- A young bachelor and scholar. He pretends to be one of Katharina and Bianca’s tutors,
- , so he can woo Bianca.
- Lucentio’s servant. He pretends to be Lucentio so his master can woo Bianca without arousing suspicion.
- A servant of Lucientio’s father.
- The father of Katharina and Bianca.
- Baptista’s eldest daughter, a shrew which Petruchio will marry for money.
- Baptista’s youngest daughter, who has three suitors: Gremio, Hortensio and Lucentio.
- An old man and friend of Baptista’s who wants to marry Bianca. He hires the tutor Cambio (Lucentio in disguise) to woo Bianca on his behalf.
- A younger suitor to Bianca and one of Petruchio’s friends. He disguises himself as a music teacher named
- Petruchio: a young impoverished bachelor looking to marry into money. Katharina’s suitor.
- Petruchio’s servant. He often gets slapped around by his master.
- Later on, this character will be recruited to play the part of Lucentio’s father.
I’d bookmark this page: I’m sure you’ll want to jump back here more than once over the next few weeks.
If you’ve ever seen this play staged, or watched an adaptation of it, you won’t remember the prologue. That’s because it’s almost always edited out. In fact, if anyone out there is aware of any production that does include the prologue, let us know.
Truth is, ignoring the prologue is the easy thing to do and removing it doesn’t affect the action of the play at all. So why is it there in the first place? This is a tough question to answer.
Let’s try to imagine how The Taming of the Shrew might have been stage back in 1592. For that, it might be helpful to know what the actual theatre might have looked like as well:
If we’re lucky, we can afford to by a spot in the covered balconies but most likely we’re just groundlings who paid a cheap rate to stand in the pit all around the stage.
Once the play starts, Sly, the hostess, the lord and his attendants come on stage. They play out the first scene of the prologue. Then, after they’ve dragged Sly off-stage, he reappears on the balcony at the back of the playhouse with the page disguised as Sly’s wife. There’s a good chance the lord and the household servants are up there as well. However, at the end of the scene, the players hired by the lord walk out onto the main stage and start performing a play. This is where act one of the actual play starts.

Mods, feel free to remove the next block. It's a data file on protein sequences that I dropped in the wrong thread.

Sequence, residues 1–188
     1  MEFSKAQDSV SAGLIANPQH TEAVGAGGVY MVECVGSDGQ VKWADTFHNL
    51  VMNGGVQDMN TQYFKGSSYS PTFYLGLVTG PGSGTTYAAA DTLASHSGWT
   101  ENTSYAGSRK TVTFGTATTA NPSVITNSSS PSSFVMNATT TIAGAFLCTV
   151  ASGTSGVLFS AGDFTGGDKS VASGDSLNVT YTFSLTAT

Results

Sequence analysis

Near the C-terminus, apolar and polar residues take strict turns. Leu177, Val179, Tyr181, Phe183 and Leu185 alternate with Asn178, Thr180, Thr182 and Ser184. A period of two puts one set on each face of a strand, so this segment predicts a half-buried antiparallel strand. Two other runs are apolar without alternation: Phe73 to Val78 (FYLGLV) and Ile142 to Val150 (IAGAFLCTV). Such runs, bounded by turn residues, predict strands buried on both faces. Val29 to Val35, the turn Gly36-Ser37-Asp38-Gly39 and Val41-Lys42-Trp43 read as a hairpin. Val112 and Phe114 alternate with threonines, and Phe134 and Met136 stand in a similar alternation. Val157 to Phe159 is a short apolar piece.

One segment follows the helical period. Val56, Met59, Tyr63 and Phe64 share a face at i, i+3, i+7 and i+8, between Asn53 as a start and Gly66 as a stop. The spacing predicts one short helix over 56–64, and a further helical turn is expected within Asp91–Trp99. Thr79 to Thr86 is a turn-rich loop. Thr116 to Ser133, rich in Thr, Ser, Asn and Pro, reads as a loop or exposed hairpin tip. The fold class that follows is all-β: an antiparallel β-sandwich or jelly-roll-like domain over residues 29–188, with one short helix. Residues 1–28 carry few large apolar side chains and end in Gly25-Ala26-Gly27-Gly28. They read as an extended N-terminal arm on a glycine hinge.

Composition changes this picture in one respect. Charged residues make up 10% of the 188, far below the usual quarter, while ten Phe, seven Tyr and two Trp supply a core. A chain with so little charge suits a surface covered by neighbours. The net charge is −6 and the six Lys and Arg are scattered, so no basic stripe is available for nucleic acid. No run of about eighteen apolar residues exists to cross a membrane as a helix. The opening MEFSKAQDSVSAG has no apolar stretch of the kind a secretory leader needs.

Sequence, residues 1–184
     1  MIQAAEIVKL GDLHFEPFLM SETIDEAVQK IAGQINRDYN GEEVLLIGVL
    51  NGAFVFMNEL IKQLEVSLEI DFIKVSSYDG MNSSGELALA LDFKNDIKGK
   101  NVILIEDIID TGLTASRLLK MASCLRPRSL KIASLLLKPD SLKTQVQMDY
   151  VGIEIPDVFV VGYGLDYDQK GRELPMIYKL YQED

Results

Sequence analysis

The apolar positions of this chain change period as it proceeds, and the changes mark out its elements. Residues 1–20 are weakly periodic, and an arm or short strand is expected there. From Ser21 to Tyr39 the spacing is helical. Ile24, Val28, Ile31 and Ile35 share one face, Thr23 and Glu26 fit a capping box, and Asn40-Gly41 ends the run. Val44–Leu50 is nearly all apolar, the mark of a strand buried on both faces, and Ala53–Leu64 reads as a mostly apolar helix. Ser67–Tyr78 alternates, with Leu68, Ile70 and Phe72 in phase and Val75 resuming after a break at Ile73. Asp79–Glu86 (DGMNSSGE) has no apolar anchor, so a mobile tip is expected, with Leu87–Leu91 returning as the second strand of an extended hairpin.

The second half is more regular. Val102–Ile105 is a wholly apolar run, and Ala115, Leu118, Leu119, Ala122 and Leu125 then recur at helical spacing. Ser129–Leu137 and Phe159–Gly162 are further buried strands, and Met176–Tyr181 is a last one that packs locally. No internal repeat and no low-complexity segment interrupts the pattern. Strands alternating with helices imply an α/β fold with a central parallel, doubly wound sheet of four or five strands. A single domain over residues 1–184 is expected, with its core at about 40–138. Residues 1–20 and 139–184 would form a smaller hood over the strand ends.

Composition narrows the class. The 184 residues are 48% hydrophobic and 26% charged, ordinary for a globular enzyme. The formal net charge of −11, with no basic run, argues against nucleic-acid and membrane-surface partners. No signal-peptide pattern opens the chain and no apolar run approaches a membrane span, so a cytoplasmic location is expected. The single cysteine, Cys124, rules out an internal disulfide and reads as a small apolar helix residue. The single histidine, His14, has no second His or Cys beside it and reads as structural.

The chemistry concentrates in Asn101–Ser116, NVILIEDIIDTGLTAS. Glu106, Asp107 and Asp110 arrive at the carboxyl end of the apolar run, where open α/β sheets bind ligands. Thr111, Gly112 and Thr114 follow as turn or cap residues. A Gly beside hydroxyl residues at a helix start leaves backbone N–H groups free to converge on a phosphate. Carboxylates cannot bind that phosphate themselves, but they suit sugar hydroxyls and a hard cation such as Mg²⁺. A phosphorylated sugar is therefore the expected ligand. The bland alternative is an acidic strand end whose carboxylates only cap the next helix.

Sly has a few more lines after act I, scene 1 so we know he’s still around. And it’s likely that he’ll stay up on that balcony for the entire show. That means that we’re watching Sly and the page watch the Taming of the Shrew as we watch the Taming of the Shrew. It also means that the actors the lord has hired for his prank on Sly are the same ones acting out the Taming of the Shrew for us, the audience. Are we supposed to be the butt of a strange joke like Christopher Sly? I’m not sure. If so, I don’t really get it. What this weird half-frame does though is make us aware that we’re watching a play because it keeps the audience of the play – Sly – in view the whole time.
Shakespeare’s big on theatre metaphors in his plays. He’s constantly reminding us that we’re watching a play, and that everything else in our lives also involves a lot of acting and pretending too. However, Taming of the Shrew is an early play, one of Shakespeare’s first. Later in his career, Shakespeare will really become a master of using theatre to comment on theatre and life. He just hasn’t really figured it out yet and this experiment falls a little flat.
That about does it for this week. Be sure to read Jay Reid’s critique of Ralph Fiennes’ recent film adaptation of Coriolanus. If you don’t want to miss anything, subscribe to the blog as well as the podcast on iTunes.
(Podcast recorded and edited by Daniel J. Rowe, show notes by Eric Jean)